@John Broughton Hi, I'm Phuong, I'm the Vietnamese Ambassador of the Growth team. I want to share my perspective on your opinion that "Articles with too few internal links (or none at all - orphans) are typically articles that are rarely read". Well I think it's only the case for big Wikipedias like English Wikipedia. In medium Wikipedias like the Vietnamese, we have a lot of articles that are fairly important but have few to no links. The article quality in Vietnamese Wikipedia is not very high as we don't have enough man-power to polish every articles. So a structured task for adding link would be a great start for us medium Wikipedias : )
Thanks, Phuong, I was planning to ask whether small–medium Wikipedias have more underlinking than overlinking.
It would be great if the tool could also detect and suggest removal of excessive links, so that we’re not training a cohort of newcomers to overlink indiscriminately.
@Pelagic I would have envisaged that the software would only identify the first example of a word that needed wikilinking, and would not offer a user the chance to link to an already-linked word.
I think that inviting a new editor to remove overlinked words would require a greater understanding of why this isn't a good idea. Wouldn't they just say to themselves "why do I need to do that - links are good, surely?". So under-linking ought to be easier for a new editor to fix than over-linking.
@Pelagic -- interesting that you should mention this idea of turning the algorithm on its head to point out links that should not be present! The researcher working on the algorithm suggested this as a possibility, and we didn't think it would be a very compelling task for newcomers. But I do like the idea that by mixing in some suggested removals with the additions, that might go a long way toward teaching newcomers that there can be too many links, and that judgment is required -- perhaps it might be more effective than just telling them that in the instructions. Tagging our team's designer, @RHo (WMF), so she can think about this.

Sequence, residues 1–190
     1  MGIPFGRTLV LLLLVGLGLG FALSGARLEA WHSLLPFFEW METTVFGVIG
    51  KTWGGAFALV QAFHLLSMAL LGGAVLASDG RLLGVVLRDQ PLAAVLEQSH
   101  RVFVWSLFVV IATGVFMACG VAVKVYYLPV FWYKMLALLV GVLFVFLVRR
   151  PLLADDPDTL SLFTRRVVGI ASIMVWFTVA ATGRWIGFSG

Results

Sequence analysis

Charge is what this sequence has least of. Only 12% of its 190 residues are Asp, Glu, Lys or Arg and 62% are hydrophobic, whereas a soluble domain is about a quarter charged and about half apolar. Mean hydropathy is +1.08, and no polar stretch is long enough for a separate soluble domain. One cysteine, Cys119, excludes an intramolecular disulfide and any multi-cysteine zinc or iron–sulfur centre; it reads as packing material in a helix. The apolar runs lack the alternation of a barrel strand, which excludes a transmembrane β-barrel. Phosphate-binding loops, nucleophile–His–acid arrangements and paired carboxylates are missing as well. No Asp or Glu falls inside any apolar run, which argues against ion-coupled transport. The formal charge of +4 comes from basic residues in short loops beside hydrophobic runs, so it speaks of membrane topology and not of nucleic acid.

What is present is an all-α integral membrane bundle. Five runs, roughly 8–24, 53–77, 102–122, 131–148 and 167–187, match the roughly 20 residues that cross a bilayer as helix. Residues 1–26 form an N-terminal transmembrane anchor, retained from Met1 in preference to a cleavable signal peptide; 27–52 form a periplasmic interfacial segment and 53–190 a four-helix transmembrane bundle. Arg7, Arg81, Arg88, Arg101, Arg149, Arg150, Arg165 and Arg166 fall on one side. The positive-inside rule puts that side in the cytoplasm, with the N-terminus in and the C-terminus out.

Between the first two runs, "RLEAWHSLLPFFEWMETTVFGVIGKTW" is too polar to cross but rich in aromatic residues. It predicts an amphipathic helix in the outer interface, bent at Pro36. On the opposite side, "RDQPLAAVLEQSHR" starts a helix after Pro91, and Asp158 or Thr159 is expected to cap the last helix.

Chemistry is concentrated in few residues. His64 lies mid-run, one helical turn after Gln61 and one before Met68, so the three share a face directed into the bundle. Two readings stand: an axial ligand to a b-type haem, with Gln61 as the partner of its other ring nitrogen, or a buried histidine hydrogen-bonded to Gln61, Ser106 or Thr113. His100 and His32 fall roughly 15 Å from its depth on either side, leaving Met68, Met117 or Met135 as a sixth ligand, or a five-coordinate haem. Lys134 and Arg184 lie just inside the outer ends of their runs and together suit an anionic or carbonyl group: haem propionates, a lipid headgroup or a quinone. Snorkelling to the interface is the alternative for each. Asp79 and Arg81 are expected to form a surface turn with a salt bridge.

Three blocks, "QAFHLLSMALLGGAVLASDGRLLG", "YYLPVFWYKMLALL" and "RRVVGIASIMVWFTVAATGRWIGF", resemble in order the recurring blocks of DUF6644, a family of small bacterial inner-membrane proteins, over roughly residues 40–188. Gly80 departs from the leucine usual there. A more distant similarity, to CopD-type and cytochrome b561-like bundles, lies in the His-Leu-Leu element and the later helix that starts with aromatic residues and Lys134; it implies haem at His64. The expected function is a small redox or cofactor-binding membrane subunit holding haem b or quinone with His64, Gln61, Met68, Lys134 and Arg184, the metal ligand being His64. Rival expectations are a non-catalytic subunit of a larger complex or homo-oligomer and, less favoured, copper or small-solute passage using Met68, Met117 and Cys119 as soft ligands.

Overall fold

@Nick Moyes -- yes, the algorithm will be able to include the rule of only adding a link for the first occurrence of a phrase, so I think we should be covered there. We've also discovered through testing that there are a host of other conventions that we want to respect, which we're trying to incorporate into the algorithm. Things like:
- Not linking years and dates (some wikis have this best practice).
- Linking the largest possible phrase, e.g. "London School of Economics" instead of just "London".
- Not linking in the References section of an article.
If you can help think of other "gotchas", we would love to add them to the list (we're keeping them in this Phabricator task). I know we can also draw on the manual of style to sharpen the algorithm.
To add to what John said, I think it would be much easier to have a filter somewhere where we can select the new users in a certain period with the number of contributions in the main space. We have a conglomerate of tools to use, however, the keyword being "tools" I feel we should have one tool that would pull this information for us or edit the "User Creation" special page to allow us to do that. That will help out in getting to the new comers.
It would also be great to have an automated script push out the welcome template (I have one I particularly like due to the content) to the new users after a certain threshold is met (say since account was created & number of edits & in time frame & no reverts).
@Galendalia -- I think what you're saying is along the lines of how a few things work already. For instance, Teahouse invites automatically go to the user talk pages of newcomers who have shown that they are generally acting in good faith. The main way that newcomers currently find their way to Growth team features is through the newcomer homepage. After a user creates their account, a few different things (popups, buttons) point the user to their homepage as a place to get started. This works well so far -- about half or a bit more of newcomers winds up checking out their homepage (in wikis that have the feature).
Maybe I am wrong here but an editor has to post an invite to the TeaHouse in en wiki. I know I’ve had to do it to a couple new editors. It’s the same with the welcome page it has to be done manually to an editors talk page.
Thanks for that @Sdkb:. Looks like they only send out once a day that’s why I don’t see them.
Seconded about wikilinks being more difficult than it might appear; that's something I previously mentioned.
Overall, this is something that I'm excited to see implemented. It seems like it has good potential to help newcomers feel comfortable making edits.